Student Well-Being

Amateur Athletic Union to Require Screenings for All Coaches, Staff

By Bryan Toporek — June 12, 2012 2 min read
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In the wake of a sexual-abuse investigation surrounding its former president and chief executive officer, the Amateur Athletic Union will start requiring all coaches, volunteers, and staff to undergo mandatory background checks, the organization announced today.

The AAU initially organized two independent task forces in response to the allegations against former CEO Robert “Bobby” Dodd, to determine how the organization could better protect children against potential sexual abuse. Together, the Youth Protection Task Force and the Adult/Volunteer Screening Task Force came up with 42 recommendations, all laid out in a 31-page report published on the AAU’s website today.

By Sept. 1, all adult applicants for AAU staff or volunteer positions will be required to successfully undergo background checks, including screenings of their criminal history and the sex-offender registry. No current staff member of the AAU will be grandfathered into the policy, the organization announced, and there will be no exceptions to this new rule.

The AAU Board of Review will monitor the background-check process and permanently ban any adult found in violation of the new child-protection code of conduct. However, a felony conviction isn’t necessarily required for an adult to earn a lifetime ban, AAU leaders made clear today at a press conference announcing the changes. If an adult is banned from participating in another youth organization, such as the Boy Scouts of America, that will constitute reason to ban them from the AAU, under the new policy.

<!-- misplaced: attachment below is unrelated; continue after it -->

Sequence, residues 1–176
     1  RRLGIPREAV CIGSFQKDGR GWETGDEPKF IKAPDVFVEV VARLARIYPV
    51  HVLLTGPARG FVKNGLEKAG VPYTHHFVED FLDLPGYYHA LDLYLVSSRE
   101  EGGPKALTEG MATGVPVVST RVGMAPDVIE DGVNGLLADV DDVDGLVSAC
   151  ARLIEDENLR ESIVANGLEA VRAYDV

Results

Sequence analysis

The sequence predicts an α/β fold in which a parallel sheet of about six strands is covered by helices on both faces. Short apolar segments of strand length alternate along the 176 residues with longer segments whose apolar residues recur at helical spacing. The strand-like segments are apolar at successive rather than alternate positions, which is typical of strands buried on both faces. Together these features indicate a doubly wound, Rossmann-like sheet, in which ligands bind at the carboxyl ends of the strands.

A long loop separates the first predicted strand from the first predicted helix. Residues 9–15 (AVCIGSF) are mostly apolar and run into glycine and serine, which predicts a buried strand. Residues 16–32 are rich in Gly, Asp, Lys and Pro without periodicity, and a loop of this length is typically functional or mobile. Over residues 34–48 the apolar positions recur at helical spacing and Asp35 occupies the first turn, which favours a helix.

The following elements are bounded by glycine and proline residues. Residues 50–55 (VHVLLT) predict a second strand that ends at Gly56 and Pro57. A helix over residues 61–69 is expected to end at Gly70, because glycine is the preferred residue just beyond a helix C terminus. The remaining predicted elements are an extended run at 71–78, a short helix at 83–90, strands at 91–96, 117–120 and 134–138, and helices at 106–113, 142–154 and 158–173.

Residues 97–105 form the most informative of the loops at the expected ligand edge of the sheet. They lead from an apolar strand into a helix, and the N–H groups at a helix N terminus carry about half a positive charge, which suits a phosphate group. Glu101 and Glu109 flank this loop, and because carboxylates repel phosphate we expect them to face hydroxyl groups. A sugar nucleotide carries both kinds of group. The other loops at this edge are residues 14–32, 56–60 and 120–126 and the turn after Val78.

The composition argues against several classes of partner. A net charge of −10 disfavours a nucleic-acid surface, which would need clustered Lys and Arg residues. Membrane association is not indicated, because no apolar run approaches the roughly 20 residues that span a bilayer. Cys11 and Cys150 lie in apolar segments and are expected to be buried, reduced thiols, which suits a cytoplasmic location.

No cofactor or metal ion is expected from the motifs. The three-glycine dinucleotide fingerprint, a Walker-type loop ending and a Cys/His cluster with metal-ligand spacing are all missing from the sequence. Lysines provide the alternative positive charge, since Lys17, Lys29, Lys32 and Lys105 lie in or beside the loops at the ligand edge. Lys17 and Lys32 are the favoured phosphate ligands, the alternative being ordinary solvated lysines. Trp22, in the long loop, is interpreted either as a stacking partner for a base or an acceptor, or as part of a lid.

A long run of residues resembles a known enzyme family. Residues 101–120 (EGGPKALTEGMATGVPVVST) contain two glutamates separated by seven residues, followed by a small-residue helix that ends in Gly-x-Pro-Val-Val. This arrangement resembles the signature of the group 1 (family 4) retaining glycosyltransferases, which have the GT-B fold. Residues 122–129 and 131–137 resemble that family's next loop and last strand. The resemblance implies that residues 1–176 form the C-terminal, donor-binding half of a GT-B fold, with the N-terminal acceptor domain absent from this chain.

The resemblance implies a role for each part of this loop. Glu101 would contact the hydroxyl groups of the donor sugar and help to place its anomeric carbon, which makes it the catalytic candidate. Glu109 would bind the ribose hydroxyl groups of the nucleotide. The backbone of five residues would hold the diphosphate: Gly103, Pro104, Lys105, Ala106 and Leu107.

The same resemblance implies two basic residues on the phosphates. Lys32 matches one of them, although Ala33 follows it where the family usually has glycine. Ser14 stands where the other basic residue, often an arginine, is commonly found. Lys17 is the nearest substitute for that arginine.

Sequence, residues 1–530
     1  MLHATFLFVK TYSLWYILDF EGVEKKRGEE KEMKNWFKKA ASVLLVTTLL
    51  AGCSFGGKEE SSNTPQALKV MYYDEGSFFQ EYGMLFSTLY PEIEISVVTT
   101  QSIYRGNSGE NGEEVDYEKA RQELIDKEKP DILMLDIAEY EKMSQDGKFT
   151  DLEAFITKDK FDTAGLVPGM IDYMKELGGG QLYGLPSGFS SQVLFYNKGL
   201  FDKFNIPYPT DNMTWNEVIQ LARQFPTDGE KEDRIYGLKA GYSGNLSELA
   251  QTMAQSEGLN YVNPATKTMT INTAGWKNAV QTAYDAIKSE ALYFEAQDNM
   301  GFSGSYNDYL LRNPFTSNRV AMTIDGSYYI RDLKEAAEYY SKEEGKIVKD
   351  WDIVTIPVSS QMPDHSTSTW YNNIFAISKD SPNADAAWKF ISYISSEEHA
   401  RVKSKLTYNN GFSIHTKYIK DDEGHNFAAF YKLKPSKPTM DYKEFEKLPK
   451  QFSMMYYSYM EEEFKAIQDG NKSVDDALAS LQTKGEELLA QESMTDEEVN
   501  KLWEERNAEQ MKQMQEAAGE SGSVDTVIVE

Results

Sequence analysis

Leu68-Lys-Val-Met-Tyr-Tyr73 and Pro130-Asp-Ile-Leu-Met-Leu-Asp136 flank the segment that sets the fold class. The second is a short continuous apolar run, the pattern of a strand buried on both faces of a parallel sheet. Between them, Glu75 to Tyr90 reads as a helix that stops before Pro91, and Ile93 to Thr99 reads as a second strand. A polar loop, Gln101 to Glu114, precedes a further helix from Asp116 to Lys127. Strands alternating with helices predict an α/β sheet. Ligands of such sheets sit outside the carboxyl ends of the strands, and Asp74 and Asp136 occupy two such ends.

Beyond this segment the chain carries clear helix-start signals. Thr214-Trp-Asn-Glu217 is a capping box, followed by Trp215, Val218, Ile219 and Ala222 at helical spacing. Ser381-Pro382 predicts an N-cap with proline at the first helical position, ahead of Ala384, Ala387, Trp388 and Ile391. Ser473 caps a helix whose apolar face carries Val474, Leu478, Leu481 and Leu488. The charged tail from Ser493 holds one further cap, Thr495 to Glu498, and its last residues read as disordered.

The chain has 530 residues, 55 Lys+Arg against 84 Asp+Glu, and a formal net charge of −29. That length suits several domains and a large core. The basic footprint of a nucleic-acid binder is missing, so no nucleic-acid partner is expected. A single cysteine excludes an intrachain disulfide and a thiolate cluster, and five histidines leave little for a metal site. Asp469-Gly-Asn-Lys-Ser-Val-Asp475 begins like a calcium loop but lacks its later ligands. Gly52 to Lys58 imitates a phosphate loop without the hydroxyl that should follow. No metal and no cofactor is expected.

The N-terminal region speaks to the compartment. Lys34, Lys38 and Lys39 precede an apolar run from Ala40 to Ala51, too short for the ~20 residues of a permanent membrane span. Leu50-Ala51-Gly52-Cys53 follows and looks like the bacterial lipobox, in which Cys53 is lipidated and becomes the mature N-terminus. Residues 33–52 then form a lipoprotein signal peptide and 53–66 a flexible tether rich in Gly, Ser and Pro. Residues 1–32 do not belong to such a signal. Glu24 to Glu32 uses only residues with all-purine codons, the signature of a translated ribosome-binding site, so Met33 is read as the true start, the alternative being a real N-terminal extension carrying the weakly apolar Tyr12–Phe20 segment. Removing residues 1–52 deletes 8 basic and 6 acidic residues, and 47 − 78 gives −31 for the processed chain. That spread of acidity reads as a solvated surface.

“If you are a felon, it’s probably best that you stay away from the AAU,” said Louis Stout, the president of the organization, at today’s press conference. “Plain and simple.”

Beyond the mandatory screenings, the task forces recommended the creation of a Youth Protection Committee and Youth Advisory Council to ensure that child-protection policies are at the forefront of the organization’s attention.

They also suggested implementing a policy that would require at least two AAU-affiliated adults to be present when around children, to prevent an adult being alone in a room with one child. On that same note, discipline from coaches should never occur in a one-on-one setting, according to the task forces, and should “be constructive and reflect leadership and good sportsmanship.”

The task forces recommended that whenever possible, coaches and youth-athletes should make separate sleeping accommodations when traveling, to prevent coaches from staying in the same room with their charges.

The organization will also follow a recommendation that rose into public consciousness this past fall, when Penn State assistant coach Jerry Sandusky was accused of sexually abusing children. Now, anyone who’s involved with the AAU, from students and parents to coaches and staff, should be “mandatory reporters” any time they suspect wrongdoing or sexual abuse.

“We expect everyone to do their part for a strong new culture of safety” said Stout.

These changes “will propel the AAU into a new era that will establish it as the gold standard for youth organizations,” said Ron Book, president of Lauren’s Kids Foundation, at the conference. Book served on the Youth Protection Task Force commissioned by the AAU.

To help cover the costs of the background checks, AAU membership fees will be raised $2 this year, said James Parker, director of operations for the AAU.

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A version of this news article first appeared in the Schooled in Sports blog.